The state-by-state license renewal cycle for radio stations that will take place over the next three years commenced on April 1, 2019. That was when the first batch of radio broadcasters (DC, MD, VA, and WV) began airing their pre-filing announcements ahead of the June 1, 2019 filing date for their license renewal applications. The cycle then repeats, with a license renewal application deadline (based on state) occurring on the first day of every other month until 2022, by which time all full power, FM translator, and LPFM stations should have filed applications seeking a new eight-year license term. Stations can determine their license renewal date by reviewing the FCC’s state-by-state license renewal timeline.
The FCC’s license renewal application form (FCC Form 2100, Schedule 303-S) may at first appear straightforward, consisting mostly of yes/no questions. However, appearances can be deceiving, as evidenced by the countless fines, consent decrees, and other enforcement actions levied against stations that either failed to verify the accuracy of their certifications before filing, failed to timely file their license renewal application, or whose failure to comply with the FCC’s rules over their eight-year license term became apparent at license renewal time.
Those risks have increased significantly in this license renewal cycle, as it will be the first one in which all broadcast station Public Inspection Files are online. The ability of the FCC, petitioners, and anyone else to review a station’s Public Inspection File online, at any time of day or night, and to peruse the electronic time stamps indicating exactly when documents were uploaded, creates a regulatory minefield for any applicant that has not been fastidious in preparing for its license renewal and in completing its license renewal application.
The bulk of the license renewal application consists of certifications whereby the applicant confirms its compliance with various FCC rules and requirements. If an applicant certifies it has complied with those rules and requirements, and that assertion is not contested by a petitioner or the FCC’s own records, the FCC will generally not request additional evidence of compliance and will grant the station’s license renewal application. Where the application is challenged by a petitioner with evidence that one or more of the station’s certifications is false, the FCC may ask the applicant for additional information to determine if grant of the license renewal application will serve the public interest.
One of the certifications that carries the highest risk of generating a fine is the certification that the station has timely placed all required documents in its Public Inspection File. The base fine for a Public Inspection File violation is $10,000, and the FCC can adjust that amount upward if it finds multiple or egregious violations have occurred.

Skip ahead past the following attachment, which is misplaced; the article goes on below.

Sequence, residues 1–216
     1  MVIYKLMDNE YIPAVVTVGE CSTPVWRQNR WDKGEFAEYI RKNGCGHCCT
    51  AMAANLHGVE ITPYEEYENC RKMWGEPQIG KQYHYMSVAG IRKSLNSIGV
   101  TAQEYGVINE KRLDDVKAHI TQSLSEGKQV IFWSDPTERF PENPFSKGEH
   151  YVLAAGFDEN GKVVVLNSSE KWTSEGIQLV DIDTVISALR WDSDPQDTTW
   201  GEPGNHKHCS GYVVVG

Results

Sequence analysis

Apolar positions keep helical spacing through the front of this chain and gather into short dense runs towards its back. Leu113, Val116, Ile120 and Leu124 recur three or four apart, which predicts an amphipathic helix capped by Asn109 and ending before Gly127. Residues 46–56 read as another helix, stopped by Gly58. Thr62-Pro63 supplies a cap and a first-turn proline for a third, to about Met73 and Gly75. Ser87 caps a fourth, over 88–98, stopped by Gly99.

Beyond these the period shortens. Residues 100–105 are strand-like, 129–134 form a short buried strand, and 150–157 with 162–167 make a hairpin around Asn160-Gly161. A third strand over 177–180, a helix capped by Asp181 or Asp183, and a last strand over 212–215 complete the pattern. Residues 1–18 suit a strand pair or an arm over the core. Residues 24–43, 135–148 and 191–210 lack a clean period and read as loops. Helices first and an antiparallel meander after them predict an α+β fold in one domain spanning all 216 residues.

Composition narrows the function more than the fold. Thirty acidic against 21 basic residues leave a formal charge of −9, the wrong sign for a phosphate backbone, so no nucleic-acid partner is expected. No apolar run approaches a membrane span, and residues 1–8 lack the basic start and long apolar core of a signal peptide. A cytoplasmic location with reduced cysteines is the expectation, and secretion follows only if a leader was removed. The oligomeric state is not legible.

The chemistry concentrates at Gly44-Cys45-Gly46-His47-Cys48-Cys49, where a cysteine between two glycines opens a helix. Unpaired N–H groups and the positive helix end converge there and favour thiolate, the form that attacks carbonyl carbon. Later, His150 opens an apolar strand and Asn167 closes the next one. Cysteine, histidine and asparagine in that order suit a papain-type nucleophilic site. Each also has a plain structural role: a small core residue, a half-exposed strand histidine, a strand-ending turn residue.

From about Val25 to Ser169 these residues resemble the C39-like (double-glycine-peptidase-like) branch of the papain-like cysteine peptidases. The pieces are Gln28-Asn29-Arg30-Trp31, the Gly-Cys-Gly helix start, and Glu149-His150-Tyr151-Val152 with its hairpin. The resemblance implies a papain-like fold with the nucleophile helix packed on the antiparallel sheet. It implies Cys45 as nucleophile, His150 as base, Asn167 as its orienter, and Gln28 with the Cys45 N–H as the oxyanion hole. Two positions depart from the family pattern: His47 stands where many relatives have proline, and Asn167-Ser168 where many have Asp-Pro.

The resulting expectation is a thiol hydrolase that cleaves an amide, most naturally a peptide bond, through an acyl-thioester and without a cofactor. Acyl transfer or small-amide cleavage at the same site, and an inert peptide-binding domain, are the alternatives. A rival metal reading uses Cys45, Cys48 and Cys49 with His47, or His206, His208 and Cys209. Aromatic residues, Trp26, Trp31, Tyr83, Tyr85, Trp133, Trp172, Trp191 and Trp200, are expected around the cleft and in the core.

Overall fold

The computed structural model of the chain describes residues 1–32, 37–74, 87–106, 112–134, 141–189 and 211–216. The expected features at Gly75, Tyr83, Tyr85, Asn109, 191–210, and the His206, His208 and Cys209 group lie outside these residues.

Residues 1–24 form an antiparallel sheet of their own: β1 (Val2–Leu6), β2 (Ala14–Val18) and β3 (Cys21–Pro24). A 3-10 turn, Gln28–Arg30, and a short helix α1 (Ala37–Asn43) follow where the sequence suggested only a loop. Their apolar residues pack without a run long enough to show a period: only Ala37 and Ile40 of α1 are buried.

That means a station whose online Public Inspection File is not complete is already subject to a sizable fine. Falsely certifying compliance in the license renewal application creates the risk of additional fines, and in extreme cases, may persuade the FCC that license renewal is simply not in the public interest.
As a result, before completing the license renewal application, stations should thoroughly review their Public Inspection File to ensure it is complete and that the time stamps indicate all documents were timely uploaded. If the Public Inspection File is not complete, stations should upload the missing documents as quickly as possible and be prepared to disclose that fact in their license renewal application. With the Public Inspection File now online, it is easy for the FCC or a petitioner to challenge the accuracy of a station’s license renewal certifications—quite different from the days when a broadcast employee might reach retirement age without ever encountering a Public Inspection File visitor. It is therefore even more important to a station’s well-being during this renewal cycle to fix any problems spotted as promptly as possible rather than just pretending those problems don’t exist when certifying rule compliance in the license renewal application.
The License Renewal Process
The first point to note is that a license renewal application is just that—an application—and not a guarantee of a new license term. The Communications Act of 1934, as amended (the “Act”) requires all radio broadcasters to obtain from the FCC an authorization to operate. By filing Schedule 303-S, an applicant requests its authorization be extended for another eight years. The Act requires the FCC to grant such an application only if it finds that during the preceding license term: (1) the station has served the public interest, convenience, and necessity; (2) the licensee has not committed any serious violations; and (3) there have been no other violations by the licensee of the FCC’s rules and regulations which, taken together, would constitute a pattern of abuse. To this end, the FCC invites petitions to deny, informal objections, and comments from the public for every license renewal application, and will review the application and these other submissions to make a determination as to whether the station at issue is deserving of license renewal. Continue reading →